which the City faces. The use of transport energy is increasing
at a time when there is concern that the world may have
already reached a maximum amount of oil production.
Although there are different views on when the tipping point 4. Reducing City congestion. 5. Improving health and wellbeing.
will be reached4 it would be risky to assume that crude oil
will be readily available in the coming decades. Alternative Throughout the world cities are becoming more congested The need to achieve health and wellbeing outcomes is being
transport fuels have their own problems, be it high cost and as populations and car use increases. Despite an increased recognised as an aim of urban transport plans.8 Specific
long lead times for emerging technologies (e.g. hydrogen) or emphasis on public transport, car use can grow faster than exercise-related challenges, such as obesity, are becoming
depletion of natural habitats or competition for food crops for population growth, even in public transport supportive cities.5 international problems. Part of both the cause and the
plant based fuels (e.g. ethanol). Walking and cycling provide Although congestion levels are generally related to city response to these challenges is how individuals travel.
an alternative to energy-intensive travel for many trips and are size, levels of congestion are increasing in cities of all sizes Urban design and transport behaviour that reduce the
not vulnerable to sudden changes in energy supply and the duration of congestion is spreading over longer levels of active travel undertaken in the community can
periods of the day.6 The United States Transport Research accelerate the spread of obesity and other health problems.9
Board says: Walking and cycling are active transport modes and can
3. Maintaining economic competitiveness. have positive health outcomes.
‘If the 20th century can be called the era of building then the
Competition between economies is increasingly open and 21st century may be called the era of congestion.‘ 7
people, businesses and technology are highly mobile around Pedestrian movements and cycling can take some of the
the world. Ease of access to city opportunities and the quality demand off congested roads and public transport systems.
of life in urban centres are important elements of competition
between economies. Pedestrian movements and cycling can
help make the City an attractive destination by providing high
quality local access and improving the amenity of spaces.
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CITy OF SydNEy
The City of Sydney is committed to
sustainable transport. A regional cycling
network has been initiated. The City of Sydney
is also working closely with other Inner City
Councils to develop an integrated regional
Cycle Strategy and Action Plan cycling network for the inner areas of Sydney.
Encouraging increased pedestrian movement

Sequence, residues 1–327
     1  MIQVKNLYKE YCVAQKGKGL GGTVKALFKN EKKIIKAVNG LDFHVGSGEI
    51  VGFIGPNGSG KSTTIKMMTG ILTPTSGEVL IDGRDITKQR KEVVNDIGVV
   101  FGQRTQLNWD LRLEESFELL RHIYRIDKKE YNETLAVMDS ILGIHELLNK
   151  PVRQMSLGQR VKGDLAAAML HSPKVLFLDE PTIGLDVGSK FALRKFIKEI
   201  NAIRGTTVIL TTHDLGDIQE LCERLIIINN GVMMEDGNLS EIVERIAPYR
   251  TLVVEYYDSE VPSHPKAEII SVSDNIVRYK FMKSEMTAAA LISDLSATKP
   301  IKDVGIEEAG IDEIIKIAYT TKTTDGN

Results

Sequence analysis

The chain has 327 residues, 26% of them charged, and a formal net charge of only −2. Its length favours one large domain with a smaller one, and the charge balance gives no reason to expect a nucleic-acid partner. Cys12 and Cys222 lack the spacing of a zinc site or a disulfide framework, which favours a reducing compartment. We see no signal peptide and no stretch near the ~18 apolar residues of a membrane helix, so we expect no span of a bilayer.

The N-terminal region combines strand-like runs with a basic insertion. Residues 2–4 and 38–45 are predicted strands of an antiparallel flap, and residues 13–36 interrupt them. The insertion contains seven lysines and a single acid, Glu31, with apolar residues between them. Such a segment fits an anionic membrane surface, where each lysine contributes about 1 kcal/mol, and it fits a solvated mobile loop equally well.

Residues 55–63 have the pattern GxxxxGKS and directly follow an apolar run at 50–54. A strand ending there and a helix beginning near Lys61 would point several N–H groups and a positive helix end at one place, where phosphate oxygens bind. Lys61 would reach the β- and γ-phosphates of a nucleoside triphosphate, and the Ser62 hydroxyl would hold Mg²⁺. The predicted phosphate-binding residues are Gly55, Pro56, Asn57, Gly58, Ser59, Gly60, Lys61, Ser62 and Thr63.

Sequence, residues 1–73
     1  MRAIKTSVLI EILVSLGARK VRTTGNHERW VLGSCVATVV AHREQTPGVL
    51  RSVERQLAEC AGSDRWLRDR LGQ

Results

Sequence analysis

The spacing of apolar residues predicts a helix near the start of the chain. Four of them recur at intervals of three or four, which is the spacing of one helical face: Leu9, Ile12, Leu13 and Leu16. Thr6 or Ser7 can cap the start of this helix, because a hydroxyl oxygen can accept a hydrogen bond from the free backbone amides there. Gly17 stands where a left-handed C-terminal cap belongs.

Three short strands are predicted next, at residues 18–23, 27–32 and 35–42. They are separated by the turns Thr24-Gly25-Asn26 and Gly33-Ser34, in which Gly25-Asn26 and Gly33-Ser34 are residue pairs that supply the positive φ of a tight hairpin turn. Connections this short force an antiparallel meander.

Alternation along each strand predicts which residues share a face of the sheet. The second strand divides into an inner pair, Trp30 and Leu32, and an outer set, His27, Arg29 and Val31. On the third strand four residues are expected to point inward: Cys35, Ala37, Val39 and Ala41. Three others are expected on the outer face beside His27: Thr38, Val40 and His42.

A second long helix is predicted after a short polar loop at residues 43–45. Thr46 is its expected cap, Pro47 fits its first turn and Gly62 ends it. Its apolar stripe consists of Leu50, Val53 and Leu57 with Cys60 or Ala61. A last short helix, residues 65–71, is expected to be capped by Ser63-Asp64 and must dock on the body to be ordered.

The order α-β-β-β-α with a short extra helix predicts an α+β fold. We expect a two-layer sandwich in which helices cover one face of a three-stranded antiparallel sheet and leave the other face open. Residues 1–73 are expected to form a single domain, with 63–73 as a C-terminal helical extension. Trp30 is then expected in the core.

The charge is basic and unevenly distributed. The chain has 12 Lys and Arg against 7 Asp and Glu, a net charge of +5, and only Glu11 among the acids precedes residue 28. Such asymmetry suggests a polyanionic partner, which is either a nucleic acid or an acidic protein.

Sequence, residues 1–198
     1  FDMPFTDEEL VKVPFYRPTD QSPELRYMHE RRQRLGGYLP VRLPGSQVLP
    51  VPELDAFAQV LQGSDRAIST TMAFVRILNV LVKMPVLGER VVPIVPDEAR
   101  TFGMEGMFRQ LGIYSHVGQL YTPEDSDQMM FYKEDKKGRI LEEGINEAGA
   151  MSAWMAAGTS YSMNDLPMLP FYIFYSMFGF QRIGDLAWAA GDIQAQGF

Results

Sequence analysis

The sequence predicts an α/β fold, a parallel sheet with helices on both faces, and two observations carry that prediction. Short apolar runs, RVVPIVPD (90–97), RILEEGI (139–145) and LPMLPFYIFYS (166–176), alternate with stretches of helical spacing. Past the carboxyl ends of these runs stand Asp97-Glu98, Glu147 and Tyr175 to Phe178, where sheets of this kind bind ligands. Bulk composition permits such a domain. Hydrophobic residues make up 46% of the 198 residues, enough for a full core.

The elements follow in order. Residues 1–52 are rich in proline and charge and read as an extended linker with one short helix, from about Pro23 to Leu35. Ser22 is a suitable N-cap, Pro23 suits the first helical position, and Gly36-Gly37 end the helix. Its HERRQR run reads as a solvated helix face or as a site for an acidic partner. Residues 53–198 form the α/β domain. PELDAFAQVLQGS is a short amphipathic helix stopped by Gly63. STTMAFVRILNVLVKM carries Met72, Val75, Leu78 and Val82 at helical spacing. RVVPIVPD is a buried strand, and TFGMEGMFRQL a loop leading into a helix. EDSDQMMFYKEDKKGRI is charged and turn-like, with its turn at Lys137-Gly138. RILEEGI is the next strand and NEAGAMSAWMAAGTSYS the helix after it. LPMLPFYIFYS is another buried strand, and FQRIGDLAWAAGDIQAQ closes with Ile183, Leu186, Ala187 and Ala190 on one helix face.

2007 – 2017 In 2007 the City of Sydney released the Cycle Strategy and
Action Plan 2007-2017.10 The strategy demonstrates Council’s
commitment to make cycling an equal mode of first choice
along with walking and public transport. The specific aims
TOWARDS City residents already have a high share of
walking and cycling trips. This rate can increase
of the Strategy are:
• Creating and maintaining a comfortable and bicycle
A CITY FOR even further. Pedestrian movements and cycling
need to be an easy option for all types of trips
friendly environment in Sydney to encourage more
residents, visitors and workers onto bicycles;
PEDESTRIANS across the City. In addition, as the City is home
• Improving cycling safety;
• Promoting the benefits of cycling; and
to the greatest concentration of jobs in the • Increasing the number of trips made by bicycle
metropolitan area, it is important that cycling, in Sydney.
in particular, also becomes a viable transport It identifies a bicycle network for the City to overcome
option for City workers living elsewhere in these gaps.
Inner Sydney—say within 10 kilometers of The Cycle Strategy and Action Plan 2007-2017 includes
the City Centre. a comprehensive suite of actions to deliver the strategy.
These actions have been grouped under:
Although small improvements can be readily made to • Cycling City Action Plan;
increase cycling and walking, some significant issues need • Cycling Equity Action Plan;
to be addressed to bring on the substantial change required.
• Cycling Safety Action Plan;
To increase walking and cycling to and across the City, the
• Cycling Promotion Action Plan;
Vision has the following objectives:
• Cycling Trip Facilities Action Plan; and
• Cycling Infrastructure Action Plan.
4.1 Develop a network of safe, linked
pedestrian and bicycle paths Pedestrian Movements
integrated with green spaces The City is currently undertaking streetscape upgrades on
throughout the City and Inner Sydney a number of key streets in the City Centre. These involve
the installation of new paving and street furniture as well as